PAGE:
Anita runs an online business that sells cosmetics and clothing items at a reasonable price.
After launching in mid-2019 she became quickly popular, until she hit a snag with reliably delivering her products to customers.
She did not have enough capital to employ a renowned delivery company and instead relied on a newly launched delivery company. This delivery company performed fine at first, but failed utterly as soon as the pandemic began.
Anita's phone rang off the hook - customers received damaged products, products arrived late, and the delivery people misbehaved.
When she complained to the company, Anita always received empty promises instead of a refund.
This was a fairly common story for most e-commerce and F-commerce entrepreneurs last year. The whole industry struggled to cope with the overnight spike in delivery orders.
For consumers, ordering online - even essentials like groceries - meant hours of waiting to get the order through on the website, days of waiting for the orders to arrive, and then often receiving wrong products, damaged products or no products at all.
As the government ordered a new round of lockdowns earlier this month, there was reason to fear that the horrors of last year, in terms of delivery failures, would be revisited. However, to many people's surprise, online stories, delivery companies and even brick and mortar establishments appear to have taken the lessons from last year to heart and made changes to cope with the pandemic world.
Some have expanded their capacity to deliver by investing in manpower and reach, while others have invested in transportation. More and more traditional stores are building their own capacity to deliver goods to customers' homes.
Pandemic prompts expansions
The delivery service industry has been changed forever by the ongoing pandemic .
From logistic delivery companies, to food delivery companies, to chain grocery stores, every platform has modified its strategy to expand.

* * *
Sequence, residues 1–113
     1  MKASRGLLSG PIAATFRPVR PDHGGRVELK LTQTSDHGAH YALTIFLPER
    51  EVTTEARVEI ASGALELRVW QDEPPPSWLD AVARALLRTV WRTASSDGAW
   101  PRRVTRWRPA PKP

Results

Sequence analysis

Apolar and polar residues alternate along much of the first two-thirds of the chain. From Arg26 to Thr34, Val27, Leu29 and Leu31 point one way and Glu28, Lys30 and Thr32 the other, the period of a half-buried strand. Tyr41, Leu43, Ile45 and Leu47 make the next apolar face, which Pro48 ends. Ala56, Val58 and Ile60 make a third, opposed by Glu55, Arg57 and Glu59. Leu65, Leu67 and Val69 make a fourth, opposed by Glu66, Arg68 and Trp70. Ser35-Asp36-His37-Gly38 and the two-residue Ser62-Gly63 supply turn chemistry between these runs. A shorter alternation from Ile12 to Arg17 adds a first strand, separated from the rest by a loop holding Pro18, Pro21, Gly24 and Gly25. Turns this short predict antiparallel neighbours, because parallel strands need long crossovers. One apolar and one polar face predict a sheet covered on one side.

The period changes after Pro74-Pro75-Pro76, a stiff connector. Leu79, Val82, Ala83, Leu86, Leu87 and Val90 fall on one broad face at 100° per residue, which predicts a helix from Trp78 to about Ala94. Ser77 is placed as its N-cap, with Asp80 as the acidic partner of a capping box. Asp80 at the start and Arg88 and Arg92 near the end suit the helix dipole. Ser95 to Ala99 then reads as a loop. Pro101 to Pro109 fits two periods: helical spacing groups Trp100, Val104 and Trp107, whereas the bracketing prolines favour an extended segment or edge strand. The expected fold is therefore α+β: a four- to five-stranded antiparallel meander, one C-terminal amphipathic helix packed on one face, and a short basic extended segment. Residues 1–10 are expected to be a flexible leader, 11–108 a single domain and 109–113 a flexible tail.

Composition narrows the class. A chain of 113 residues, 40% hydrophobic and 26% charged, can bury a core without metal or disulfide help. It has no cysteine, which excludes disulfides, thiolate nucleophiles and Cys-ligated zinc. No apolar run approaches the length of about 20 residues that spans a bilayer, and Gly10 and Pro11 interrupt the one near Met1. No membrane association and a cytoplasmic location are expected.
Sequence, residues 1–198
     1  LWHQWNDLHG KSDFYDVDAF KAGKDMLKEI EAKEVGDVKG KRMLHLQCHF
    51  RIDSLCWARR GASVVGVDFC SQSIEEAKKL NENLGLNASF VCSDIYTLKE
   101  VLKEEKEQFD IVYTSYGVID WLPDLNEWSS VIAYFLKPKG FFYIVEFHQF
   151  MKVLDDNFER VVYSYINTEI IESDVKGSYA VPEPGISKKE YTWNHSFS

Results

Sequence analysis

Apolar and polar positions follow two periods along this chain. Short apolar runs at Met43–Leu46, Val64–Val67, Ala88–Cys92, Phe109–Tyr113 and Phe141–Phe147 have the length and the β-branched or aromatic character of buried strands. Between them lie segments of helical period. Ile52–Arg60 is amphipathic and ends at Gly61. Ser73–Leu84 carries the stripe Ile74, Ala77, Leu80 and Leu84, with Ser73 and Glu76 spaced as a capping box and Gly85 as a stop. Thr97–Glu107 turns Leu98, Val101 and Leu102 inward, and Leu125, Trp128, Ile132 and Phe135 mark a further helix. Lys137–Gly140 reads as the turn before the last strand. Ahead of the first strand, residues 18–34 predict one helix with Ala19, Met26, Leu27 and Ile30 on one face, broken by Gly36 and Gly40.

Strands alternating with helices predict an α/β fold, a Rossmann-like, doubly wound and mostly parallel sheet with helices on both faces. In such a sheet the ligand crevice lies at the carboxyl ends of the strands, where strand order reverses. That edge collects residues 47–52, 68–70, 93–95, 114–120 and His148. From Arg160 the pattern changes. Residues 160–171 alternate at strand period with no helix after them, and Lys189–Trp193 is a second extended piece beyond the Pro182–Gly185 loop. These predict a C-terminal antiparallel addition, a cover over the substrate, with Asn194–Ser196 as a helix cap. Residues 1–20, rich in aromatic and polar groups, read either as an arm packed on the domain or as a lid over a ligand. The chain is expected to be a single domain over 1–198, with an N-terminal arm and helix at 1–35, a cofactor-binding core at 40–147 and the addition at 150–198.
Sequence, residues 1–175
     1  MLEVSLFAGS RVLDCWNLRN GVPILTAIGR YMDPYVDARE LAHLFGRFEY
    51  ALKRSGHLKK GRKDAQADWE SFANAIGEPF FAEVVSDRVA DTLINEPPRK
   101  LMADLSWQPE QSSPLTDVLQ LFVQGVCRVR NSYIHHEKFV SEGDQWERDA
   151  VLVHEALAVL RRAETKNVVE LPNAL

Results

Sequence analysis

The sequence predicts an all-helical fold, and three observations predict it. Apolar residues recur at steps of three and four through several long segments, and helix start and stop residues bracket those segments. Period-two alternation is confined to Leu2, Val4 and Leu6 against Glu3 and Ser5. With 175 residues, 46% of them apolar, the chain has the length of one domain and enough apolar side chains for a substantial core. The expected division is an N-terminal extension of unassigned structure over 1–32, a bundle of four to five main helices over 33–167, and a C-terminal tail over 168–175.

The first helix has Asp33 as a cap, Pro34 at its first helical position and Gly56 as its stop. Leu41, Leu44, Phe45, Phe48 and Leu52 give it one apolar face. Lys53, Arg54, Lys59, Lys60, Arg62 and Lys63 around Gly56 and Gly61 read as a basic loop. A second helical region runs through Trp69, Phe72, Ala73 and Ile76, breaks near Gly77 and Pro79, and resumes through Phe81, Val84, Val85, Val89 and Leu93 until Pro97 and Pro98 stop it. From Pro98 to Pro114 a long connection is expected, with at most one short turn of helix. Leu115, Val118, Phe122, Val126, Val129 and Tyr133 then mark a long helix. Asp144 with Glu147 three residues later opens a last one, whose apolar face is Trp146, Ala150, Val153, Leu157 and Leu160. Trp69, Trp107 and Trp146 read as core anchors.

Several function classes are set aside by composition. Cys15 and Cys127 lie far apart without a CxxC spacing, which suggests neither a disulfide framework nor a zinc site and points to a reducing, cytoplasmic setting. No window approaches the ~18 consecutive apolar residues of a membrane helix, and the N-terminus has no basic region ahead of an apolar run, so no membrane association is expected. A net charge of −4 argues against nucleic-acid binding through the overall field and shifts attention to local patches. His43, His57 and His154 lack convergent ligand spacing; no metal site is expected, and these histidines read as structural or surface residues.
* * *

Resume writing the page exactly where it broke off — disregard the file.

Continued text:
Renowned on-demand digital platforms such as Foodpanda and Pathao also incorporated changes and new strategies to their services by introducing door-to-door delivery service for groceries and essential items.
Super shops or chain grocery stores such as Agora also introduced home delivery services to make ends meet.
Delivery services owned by logistic companies are processing and delivering twice as much products compared to last year. To facilitate this spike, delivery companies have recruited more delivery agents, added more vehicles and warehouses to their fleet and even provided residential support to the delivery agents.
E-commerce association leaders say that in the eight months starting from March last year, e-commerce companies' sales crossed Tk16,000 crore. It saw a growth of 80 percent last year.
"The number of online orders has radically changed and so has the pattern," says Biplob Ghosh Rahul, the chief executive officer of eCourier Limited.
"People are purchasing everything online - from home appliances to tube wells. The number has further increased as people in rural areas are also becoming accustomed with online shopping, which was quite unconventional even a year ago," he added.
Currently, eCourier is receiving approximately double the amount of orders in comparison to last year. To meet the customers' needs, eCourier has modified its delivery system. Now, the company is delivering products mostly via pickup vans instead of bicycles and bikes.